The Polaroid "Land Camera", the first to develop its own prints in minutes, went on sale at Jordan Marsh in Boston for $89.95 and was an instant sensation. It was designed by Walter Dorwin Teague Associates, and produced by the Polaroid Land Company.
The camera's inventor was Edwin H. Land (1909-1991), who got the idea while on vacation at the Grand Canyon in 1943. His daughter asked to see the picture he had just taken. Land perfected his system from a 1928 invention by Agfa in Germany which had never been commercialized.
Wurlitzer introduced its Model 1015 jukebox, designed by industrial designer Paul Fuller. Replete with chrome, garish colors and bubbling lights, it became a classic and ultimate cultural typeform, dispensing music in every diner across the country for the next fifteen years.
This chair, of simple wood construction using surplus military webbing, was designed by Jens Risom for Hans Knoll, before Risom entered the Army during World War II. It was the basis for Knoll's first line of products introduced in 1942, virtually the only modern furniture available during the war in the US, and was patented in 1945.
Many know that today's ubiquitous Jeep can trace its design to a famous World War II military vehicle. But few know that its earlier predecessor was the first US compact car, designed in 1930 by a Russian Count.
The American Bantam Car Company of Butler, PA developed a design of a general purpose (GP) army vehicle with consulting engineer Karl K, Probst, based on their Willys Overland Americar, the lightest full-sized car then on the road.
RCA introduced America's first consumer television receiver sets at the New York World's Fair in 1939. Picture tubes ranged in size from 5" to 12" and faced upward on top of the cabinet with a tilting mirror to view the picture horizontally. The illustration shown is a 12" Model TRK. All were designed by John Vassos, who established the first internal design department at RCA in 1933, and remained as a consultant until 1964.
In 1938, the Pennsylvania Railroad introduced the world's largest steam locomotive, the S-1 and distinctive round-ended observation cars for its Broadway Limited. They were designed by Raymond Loewy in collaboration with Paul Philippe Cret, head of Architecture at the University of Pennsylvania.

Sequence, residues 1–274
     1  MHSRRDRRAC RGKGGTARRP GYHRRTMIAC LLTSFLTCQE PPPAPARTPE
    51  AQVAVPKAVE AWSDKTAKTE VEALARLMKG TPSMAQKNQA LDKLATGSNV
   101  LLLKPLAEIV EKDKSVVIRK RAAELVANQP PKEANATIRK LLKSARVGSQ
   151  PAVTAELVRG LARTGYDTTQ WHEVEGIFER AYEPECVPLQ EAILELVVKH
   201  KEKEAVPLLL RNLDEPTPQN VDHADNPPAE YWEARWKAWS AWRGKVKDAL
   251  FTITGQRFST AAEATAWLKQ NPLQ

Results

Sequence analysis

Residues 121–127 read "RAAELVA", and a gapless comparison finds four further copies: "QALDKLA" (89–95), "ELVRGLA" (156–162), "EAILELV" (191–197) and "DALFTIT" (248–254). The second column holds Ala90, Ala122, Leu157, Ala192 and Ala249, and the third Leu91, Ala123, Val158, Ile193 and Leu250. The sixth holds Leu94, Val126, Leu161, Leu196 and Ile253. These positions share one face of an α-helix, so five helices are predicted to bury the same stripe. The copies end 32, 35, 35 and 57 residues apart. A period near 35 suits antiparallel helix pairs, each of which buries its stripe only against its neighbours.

The Hobart Manufacturing Company introduced a KitchenAid Model "K" stand mixer for $55, designed by Egmont Arens, FIDSA (1888-1966). The design remained virtually unchanged and is still a classic on the market. The company, now known as KitchenAid, is part of the Whirlpool Corporation.
The Lincoln Zephyr, designed by John Tjaarda and Howard Bonbright of the Briggs Manufacturing Company for Ford under the supervision of Henry's son, Edsel, and revised by Bob Gregorie (see below), was introduced in 1936.
It was based on an earlier rear-engine design by Tjaarda, the Briggs Dream Car shown at The Century of Progress Exhibition in 1933-1934. (See separate article on this car) The design had a short front hood which sloped down quickly (similar to the original VW Beetle) which was consistent with the new "streamlining" trend.
This line of furniture in natural maple was designed by Russell Wright, manufactured by Conant Ball Company for Macy's, and first introduced in 1935 under the name Modern Living. It immediately became popular as the first modern furniture in the US, and later was appropriately re-named American Modern. A similar line was also produced in bleached "blond" maple. The success of these lines made Wright instantly famous to the public.